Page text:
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New York Times Web Site Helps Accidentally Spread Malware

Fake Vonage Ad Directs to Malicious "Virus Scan" Site

2 min read
New York Times Web Site Helps Accidentally Spread Malware

Over the weekend, the New York Times Web Site was infiltrated by a hacker that, it said over the weekend,

"who first posed as a legitimate advertiser, then started hitting site visitors with aggressive advertisements that appeared to be warnings about viruses."

In a longer story published by the Times yesterday, it explained that:

"As reports of strange activity came in over the weekend, the technical and advertising staff at The Times began to suspect that a rogue ad had slipped through this way, and they moved to stop displaying such ads, said Diane McNulty, a spokeswoman for the Times Company.

But it now appears that the ad was approved by the site’s advertising operations team, Ms. McNulty said. People visiting continued to complain about the pop-up ads throughout the weekend.

'Our first instinct was that it was a third-party ad network,' said Marc Frons, chief technology officer of the Times Company. 'That is where we looked first and why it took a longer amount of time to shut down. The other issue is that it was sporadic and difficult to reproduce.'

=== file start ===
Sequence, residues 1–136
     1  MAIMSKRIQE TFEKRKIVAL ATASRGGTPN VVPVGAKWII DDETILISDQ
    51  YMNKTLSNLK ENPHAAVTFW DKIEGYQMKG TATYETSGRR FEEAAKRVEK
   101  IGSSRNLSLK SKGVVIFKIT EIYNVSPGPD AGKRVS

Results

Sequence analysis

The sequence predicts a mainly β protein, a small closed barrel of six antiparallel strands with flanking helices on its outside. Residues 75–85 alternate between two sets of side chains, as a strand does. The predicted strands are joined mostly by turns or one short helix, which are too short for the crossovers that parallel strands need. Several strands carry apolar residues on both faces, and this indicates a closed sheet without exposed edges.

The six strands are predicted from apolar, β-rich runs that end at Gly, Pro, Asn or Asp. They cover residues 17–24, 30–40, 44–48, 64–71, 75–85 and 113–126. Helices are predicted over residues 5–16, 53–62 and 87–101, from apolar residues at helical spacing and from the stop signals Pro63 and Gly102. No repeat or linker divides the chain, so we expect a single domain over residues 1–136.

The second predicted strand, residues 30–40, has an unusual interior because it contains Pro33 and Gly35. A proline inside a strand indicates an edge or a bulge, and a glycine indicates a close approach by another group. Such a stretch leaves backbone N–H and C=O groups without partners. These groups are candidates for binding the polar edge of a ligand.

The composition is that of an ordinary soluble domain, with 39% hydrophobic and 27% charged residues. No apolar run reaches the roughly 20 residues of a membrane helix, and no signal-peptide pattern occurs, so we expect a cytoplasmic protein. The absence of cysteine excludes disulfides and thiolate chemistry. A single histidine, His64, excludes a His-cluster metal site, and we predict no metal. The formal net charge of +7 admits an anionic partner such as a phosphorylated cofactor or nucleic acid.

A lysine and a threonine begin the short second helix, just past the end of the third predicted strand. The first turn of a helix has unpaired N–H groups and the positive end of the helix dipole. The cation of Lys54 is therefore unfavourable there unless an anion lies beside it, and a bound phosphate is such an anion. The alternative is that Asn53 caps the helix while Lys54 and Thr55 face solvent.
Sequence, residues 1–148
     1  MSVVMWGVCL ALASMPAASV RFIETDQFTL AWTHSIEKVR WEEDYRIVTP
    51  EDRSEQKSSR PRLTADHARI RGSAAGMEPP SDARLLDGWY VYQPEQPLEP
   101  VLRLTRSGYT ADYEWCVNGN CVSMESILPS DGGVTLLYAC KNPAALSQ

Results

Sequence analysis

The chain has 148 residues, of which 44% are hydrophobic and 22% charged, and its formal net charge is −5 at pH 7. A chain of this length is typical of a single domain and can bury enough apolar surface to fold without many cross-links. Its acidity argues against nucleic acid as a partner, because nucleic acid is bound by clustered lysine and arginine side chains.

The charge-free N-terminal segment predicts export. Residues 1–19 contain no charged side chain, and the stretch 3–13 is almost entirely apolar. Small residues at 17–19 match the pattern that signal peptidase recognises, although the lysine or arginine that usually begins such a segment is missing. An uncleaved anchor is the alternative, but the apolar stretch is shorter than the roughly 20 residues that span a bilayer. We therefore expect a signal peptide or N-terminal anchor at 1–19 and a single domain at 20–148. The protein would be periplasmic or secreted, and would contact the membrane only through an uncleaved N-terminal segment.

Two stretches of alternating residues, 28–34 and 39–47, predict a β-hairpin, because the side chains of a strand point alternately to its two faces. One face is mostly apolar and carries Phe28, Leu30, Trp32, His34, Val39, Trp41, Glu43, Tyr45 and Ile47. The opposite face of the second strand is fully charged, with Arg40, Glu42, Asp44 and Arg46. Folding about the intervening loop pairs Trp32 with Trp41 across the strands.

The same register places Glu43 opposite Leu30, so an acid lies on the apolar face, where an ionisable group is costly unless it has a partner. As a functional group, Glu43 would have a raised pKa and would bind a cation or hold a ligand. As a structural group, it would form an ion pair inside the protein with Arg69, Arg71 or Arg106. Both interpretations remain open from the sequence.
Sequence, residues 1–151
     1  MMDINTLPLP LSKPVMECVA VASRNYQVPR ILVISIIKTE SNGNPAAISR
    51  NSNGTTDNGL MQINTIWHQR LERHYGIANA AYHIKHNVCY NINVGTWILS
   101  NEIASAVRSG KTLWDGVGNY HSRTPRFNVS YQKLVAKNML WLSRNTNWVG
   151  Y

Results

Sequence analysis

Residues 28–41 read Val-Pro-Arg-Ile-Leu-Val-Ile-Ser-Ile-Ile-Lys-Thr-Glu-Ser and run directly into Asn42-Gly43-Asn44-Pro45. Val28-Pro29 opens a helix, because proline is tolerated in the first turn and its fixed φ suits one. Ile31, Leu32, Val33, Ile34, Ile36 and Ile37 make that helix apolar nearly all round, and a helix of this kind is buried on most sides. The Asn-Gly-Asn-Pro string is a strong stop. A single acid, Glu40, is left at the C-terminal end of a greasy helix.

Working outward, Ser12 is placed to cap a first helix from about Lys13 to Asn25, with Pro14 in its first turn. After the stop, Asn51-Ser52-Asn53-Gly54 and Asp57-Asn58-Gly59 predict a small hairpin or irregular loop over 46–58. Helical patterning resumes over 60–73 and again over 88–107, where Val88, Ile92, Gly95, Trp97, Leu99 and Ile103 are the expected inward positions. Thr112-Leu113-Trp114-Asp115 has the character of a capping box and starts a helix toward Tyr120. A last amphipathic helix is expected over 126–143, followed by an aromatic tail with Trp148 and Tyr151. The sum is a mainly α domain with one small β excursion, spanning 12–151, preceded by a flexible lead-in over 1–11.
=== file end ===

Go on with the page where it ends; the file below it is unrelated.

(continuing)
The creator of the malicious ads posed as Vonage, the Internet telephone company, and persuaded to run ads that initially appeared as real ads for Vonage. At some point, possibly late Friday, the campaign switched to displaying the virus warnings.

Because The Times thought the campaign came straight from Vonage, which has advertised on the site before, it allowed the advertiser to use an outside vendor that it had not vetted to actually deliver the ads, Ms. McNulty said. That allowed the switch to take place. 'In the future, we will not allow any advertiser to use unfamiliar third-party vendors,' she said."


The Times, which says it doesn't know how many readers were affected, appears pretty embarrassed by the whole affair.

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An IBM Quantum Computer Will Soon Pass the 1,000-Qubit Mark

The Condor processor is just one quantum-computing advance slated for 2023

4 min read
This photo shows a woman working on a piece of apparatus that is suspended from the ceiling of the laboratory.

A researcher at IBM’s Thomas J. Watson Research Center examines some of the quantum hardware being constructed there.

Connie Zhou/IBM

IBM’s Condor, the world’s first universal quantum computer with more than 1,000 qubits, is set to debut in 2023. The year is also expected to see IBM launch Heron, the first of a new flock of modular quantum processors that the company says may help it produce quantum computers with more than 4,000 qubits by 2025.

This article is part of our special report Top Tech 2023.

While quantum computers can, in theory, quickly find answers to problems that classical computers would take eons to solve, today’s quantum hardware is still short on qubits, limiting its usefulness. Entanglement and other quantum states necessary for quantum computation are infamously fragile, being susceptible to heat and other disturbances, which makes scaling up the number of qubits a huge technical challenge.

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